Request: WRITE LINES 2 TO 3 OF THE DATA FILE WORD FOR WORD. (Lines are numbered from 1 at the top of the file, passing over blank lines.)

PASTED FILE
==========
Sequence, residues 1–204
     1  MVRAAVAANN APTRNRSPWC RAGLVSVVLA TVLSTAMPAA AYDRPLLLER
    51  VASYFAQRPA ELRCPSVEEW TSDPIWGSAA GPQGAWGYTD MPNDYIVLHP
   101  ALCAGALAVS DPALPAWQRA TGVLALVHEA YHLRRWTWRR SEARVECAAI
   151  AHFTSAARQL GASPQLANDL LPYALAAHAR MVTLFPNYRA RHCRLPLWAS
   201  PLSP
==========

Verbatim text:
     1  MVRAAVAANN APTRNRSPWC RAGLVSVVLA TVLSTAMPAA AYDRPLLLER
    51  VASYFAQRPA ELRCPSVEEW TSDPIWGSAA GPQGAWGYTD MPNDYIVLHP